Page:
Average non-mortgage debt in Canada is rising at a relatively modest rate, according to a study by TransUnion. Low delinquency rates indicate that Canadians so far have been able to handle the increase.

The average consumer debt load, minus mortgages, increased $225 to $27,355 in the third quarter ended Sept. 30. The increase of 0.83% was consistent with the rise experienced in the second quarter, after a fall of 2% in the first quarter. On a year-over-year basis, total debt fell 2.19% from $26,770 at the end of the third quarter in 2012.

Two of the country’s largest cities - Toronto and Vancouver - both experienced quarterly and yearly declines in average consumer total debt. Montreal, the country’s second-largest city by population, saw small rises on both a quarterly and yearly basis, while Edmonton was the only major city to experience a rise in debt greater than the national average.

TransUnion reports delinquency rates remain low across all credit products, from credit cards to auto loans.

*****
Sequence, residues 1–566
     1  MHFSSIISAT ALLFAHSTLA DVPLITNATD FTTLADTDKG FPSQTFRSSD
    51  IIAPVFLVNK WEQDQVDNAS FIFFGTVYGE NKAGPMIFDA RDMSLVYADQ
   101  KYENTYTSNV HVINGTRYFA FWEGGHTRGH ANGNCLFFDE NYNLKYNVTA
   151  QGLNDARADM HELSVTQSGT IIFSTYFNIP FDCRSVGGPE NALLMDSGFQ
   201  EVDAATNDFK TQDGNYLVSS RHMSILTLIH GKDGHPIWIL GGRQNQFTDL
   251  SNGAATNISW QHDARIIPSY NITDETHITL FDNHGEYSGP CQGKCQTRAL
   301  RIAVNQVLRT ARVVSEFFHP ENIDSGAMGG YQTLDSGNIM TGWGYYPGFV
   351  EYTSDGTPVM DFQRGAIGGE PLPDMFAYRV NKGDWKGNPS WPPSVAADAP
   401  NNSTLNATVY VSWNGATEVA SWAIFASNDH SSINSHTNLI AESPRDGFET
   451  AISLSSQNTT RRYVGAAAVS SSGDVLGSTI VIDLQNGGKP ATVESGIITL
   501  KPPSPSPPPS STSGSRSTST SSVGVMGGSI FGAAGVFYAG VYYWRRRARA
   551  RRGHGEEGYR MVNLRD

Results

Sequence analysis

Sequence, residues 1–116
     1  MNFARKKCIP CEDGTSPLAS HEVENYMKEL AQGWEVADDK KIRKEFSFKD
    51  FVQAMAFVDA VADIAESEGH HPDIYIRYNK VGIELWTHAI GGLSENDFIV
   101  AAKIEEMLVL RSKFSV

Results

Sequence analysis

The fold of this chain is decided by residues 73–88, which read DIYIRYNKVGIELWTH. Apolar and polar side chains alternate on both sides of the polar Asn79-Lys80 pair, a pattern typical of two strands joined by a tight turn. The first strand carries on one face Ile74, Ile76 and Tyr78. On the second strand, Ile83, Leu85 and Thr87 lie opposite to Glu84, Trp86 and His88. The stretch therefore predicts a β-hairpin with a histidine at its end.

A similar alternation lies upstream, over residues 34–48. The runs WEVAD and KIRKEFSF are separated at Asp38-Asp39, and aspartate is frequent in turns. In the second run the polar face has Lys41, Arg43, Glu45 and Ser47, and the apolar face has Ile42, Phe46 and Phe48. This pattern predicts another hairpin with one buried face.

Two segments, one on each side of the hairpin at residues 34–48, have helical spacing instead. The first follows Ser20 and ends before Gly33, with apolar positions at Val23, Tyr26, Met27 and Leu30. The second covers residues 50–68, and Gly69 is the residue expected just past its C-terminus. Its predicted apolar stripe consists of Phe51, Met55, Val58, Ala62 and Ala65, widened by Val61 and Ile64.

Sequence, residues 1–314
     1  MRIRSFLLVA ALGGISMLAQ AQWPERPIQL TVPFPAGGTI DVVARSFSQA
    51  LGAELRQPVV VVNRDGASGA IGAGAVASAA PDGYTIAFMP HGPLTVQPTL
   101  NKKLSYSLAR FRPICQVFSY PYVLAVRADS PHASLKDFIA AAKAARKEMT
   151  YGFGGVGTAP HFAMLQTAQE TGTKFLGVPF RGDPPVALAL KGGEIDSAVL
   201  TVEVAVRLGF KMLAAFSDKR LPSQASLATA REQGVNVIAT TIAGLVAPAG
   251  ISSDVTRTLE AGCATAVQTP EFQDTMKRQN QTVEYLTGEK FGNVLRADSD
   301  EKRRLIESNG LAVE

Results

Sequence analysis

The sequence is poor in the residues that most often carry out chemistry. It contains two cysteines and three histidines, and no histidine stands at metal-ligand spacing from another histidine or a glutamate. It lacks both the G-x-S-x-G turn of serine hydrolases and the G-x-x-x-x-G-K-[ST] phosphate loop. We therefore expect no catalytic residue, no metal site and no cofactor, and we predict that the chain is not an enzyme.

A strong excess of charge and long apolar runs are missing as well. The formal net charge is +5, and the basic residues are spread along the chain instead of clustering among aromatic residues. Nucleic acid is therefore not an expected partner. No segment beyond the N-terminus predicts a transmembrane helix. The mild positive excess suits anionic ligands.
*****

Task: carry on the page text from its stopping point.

“Credit card delinquencies saw the biggest decline on a percentage basis in the last year, which is a positive as we embark on the final three months of the year when credit card usage tends to pick up," said Thomas Higgins, TransUnion’s vice-president of analytics and decision services. “The relatively low delinquency levels observed in the third quarter are a positive sign that Canadian consumers are managing their greater debt loads."

The study further showed that the increase in average debt varied throughout Canada, with provinces experiencing year-over-year changes from a low of minus 0.4% in British Columbia to a high of 15.49% in Saskatchewan. Elsewhere, consumer debt levels fell 0.03% in Ontario, while rising 2.72% in Quebec and 7.46% in Alberta. The report did not give figures for other provinces.

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